Scientists have designed a chip that can analyse changes in the brain.
The research is reported in the latest edition of the Royal Society of Chemistry journal Lab on a Chip.
Professor Robert Kennedy and Dr Nicholas Cellar at the University of Michigan have made the sensor-chop which can monitor the levels of neurotransmitters at the levels actually found in living tissue.
Professor Kennedy said: "The device could be used by neuroscientists to study chemical changes associated with behaviour and disease."
The chip has been adapted to allow users to analyse brain chemicals remotely. Tiny samples of fluid are taken from the brain and flow into channels in the chip.
Once there, the molecules react to form fluorescent particles which can be separated and measured externally.
Professor Kennedy said: "The chip combines sampling, on-line analysis, high efficiency separation and low detection limits.
"It makes it possible to monitor chemicals in the complex environment of the central nervous system, with high selectivity and sensitivity over extended periods."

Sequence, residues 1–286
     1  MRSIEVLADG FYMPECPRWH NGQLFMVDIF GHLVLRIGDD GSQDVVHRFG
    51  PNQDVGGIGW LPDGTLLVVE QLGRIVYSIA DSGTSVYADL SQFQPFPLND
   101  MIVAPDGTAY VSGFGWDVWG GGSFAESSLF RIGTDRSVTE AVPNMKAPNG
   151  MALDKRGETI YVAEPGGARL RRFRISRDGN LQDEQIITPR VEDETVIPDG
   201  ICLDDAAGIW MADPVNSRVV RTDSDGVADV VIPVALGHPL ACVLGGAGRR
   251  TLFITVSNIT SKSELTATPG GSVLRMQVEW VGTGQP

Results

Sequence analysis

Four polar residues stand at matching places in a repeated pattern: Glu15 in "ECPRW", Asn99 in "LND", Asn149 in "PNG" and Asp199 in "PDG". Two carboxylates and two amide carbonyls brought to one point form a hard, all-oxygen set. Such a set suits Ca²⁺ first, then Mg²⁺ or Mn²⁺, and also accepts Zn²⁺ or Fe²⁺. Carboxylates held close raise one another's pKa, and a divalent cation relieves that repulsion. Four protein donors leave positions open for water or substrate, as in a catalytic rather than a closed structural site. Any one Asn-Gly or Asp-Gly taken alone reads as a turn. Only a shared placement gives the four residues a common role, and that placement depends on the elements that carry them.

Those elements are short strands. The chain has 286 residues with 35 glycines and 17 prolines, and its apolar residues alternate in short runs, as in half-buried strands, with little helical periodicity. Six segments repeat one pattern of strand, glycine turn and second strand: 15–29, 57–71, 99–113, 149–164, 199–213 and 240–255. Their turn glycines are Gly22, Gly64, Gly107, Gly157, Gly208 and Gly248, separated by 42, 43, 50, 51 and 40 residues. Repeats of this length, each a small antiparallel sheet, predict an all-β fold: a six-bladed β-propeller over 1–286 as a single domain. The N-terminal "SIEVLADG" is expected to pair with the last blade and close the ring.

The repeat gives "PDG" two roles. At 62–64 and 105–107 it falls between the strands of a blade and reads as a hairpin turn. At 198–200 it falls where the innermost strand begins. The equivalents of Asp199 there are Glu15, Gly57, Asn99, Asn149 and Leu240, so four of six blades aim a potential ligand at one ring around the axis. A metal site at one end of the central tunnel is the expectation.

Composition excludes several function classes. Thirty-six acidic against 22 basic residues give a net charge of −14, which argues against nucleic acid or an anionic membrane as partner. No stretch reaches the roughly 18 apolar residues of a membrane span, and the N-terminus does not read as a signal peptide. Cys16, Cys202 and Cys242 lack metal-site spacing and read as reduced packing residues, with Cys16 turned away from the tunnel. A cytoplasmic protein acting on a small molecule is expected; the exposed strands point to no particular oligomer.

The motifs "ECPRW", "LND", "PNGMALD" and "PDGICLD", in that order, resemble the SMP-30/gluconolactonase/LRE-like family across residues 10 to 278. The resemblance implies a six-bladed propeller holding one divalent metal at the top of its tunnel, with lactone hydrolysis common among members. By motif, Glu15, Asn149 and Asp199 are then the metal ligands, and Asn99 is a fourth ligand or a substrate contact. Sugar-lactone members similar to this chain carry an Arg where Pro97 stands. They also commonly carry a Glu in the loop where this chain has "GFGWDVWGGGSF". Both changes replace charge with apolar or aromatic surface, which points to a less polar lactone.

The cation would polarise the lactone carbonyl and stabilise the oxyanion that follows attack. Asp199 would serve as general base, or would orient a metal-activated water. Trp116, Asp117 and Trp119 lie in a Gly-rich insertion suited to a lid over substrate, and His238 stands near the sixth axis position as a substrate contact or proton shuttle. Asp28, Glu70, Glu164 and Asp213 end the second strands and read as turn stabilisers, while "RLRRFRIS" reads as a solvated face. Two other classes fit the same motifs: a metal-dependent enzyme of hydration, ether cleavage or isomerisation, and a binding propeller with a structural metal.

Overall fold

The team believe the chip could be used to assess brain damage in people with trauma injuries, since it could be used to look at small regions of the brain or probe multiple regions at once.
Professor Kennedy said: "It may also be a way of delivering drugs to particular brain regions."
Professor James Landers, an expert in bioanalytical chemistry at the University of Virginia, welcomed the findings.
He said: "Such integrated systems represent an important element in the future of analytical techniques that will be used to interrogate biological systems."
with thanks to Alison Stoddart for the original article
Chip to analyse changes in the brain
Picture: The Royal Society of Chemistry